If you’ve ever made a form in HTML, you know the pain of figuring out where to actually send the information once you’ve got it. I’ve spent one too many nights blearily trying to remember how to write SQL queries in PHP, nearly crying with joy when my code finally manages to save one customer’s name. I’m nearly crying now, if I’m being honest, thinking about how much time I could have saved if I’d known about Zapier earlier on in my career.
With the Catch Hook trigger, you can set your form’s action parameter to the trigger’s unique webhook URL, and let the Zap take care of the rest. From there, you can quickly take the form input and save it to a database or spreadsheet, send it to yourself via email, or even share it with your team over apps like Slack or Microsoft Teams—all without having to write a single line of code.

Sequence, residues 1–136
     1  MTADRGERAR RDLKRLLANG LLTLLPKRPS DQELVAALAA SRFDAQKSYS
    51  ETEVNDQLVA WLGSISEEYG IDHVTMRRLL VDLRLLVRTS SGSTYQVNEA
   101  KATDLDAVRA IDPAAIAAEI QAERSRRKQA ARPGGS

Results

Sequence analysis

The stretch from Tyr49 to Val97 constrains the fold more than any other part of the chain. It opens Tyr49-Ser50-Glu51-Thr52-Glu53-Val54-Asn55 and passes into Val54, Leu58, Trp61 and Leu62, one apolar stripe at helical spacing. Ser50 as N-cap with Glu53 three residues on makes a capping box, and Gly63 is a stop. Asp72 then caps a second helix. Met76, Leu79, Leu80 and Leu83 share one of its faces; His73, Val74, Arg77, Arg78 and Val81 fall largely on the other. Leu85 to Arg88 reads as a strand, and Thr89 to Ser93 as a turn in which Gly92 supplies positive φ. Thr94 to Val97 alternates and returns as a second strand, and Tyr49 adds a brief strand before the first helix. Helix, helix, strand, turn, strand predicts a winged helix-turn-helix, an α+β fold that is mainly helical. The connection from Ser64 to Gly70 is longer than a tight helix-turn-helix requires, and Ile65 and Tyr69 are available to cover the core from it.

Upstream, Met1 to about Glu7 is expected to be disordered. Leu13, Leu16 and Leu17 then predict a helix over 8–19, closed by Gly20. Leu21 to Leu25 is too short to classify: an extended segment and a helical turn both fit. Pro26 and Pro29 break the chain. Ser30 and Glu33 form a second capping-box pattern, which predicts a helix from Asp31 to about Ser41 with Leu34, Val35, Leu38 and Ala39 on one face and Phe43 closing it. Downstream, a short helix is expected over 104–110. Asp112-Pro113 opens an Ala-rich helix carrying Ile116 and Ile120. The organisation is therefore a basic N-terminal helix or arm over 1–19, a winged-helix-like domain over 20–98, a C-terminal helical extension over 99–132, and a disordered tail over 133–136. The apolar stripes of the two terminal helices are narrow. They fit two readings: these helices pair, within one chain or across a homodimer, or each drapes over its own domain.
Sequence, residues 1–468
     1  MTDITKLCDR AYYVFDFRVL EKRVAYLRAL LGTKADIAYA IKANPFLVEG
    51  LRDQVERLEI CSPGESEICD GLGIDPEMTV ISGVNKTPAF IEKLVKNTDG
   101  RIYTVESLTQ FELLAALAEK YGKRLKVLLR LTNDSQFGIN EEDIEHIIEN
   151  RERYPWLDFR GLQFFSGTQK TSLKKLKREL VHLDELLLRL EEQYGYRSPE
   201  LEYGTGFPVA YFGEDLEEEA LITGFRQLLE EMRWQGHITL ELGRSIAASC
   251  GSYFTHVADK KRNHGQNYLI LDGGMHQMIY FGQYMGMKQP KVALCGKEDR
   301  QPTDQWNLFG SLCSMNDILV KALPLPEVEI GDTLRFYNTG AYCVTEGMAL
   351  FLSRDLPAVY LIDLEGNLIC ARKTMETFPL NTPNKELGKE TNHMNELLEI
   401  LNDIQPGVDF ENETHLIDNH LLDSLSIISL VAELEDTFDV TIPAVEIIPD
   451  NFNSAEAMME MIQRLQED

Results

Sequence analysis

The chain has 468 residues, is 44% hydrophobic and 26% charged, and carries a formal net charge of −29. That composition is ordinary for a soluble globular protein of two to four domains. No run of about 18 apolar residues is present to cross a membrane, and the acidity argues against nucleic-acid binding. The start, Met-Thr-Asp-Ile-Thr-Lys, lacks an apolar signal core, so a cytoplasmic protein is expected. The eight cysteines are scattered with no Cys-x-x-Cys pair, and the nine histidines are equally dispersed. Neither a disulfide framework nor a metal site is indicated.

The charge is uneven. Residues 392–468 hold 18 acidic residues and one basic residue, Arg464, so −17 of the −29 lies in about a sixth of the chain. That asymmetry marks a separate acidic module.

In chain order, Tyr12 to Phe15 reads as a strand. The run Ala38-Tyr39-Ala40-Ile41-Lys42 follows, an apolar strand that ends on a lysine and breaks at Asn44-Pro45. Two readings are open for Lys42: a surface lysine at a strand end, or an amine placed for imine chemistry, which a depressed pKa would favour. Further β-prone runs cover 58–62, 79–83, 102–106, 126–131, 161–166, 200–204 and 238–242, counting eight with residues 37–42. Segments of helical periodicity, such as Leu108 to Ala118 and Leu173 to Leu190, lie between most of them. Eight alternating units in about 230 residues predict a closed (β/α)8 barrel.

The Zap templates below are some of the most popular ways to get started.
Trigger Zaps from anywhere
Photographer Chase Jarvis is credited with saying, “the best camera is the one that’s with you,” and I’d argue the same holds true for automation. Since a Catch Hook trigger can be run simply by visiting the URL it provides, that means we can do exactly that with Shortcuts on iOS or Google Assistant on Android.
By having your shortcut or digital assistant open the trigger’s unique URL, you can prompt a Zap to run with a single button press or even your voice.
Trigger Zaps at home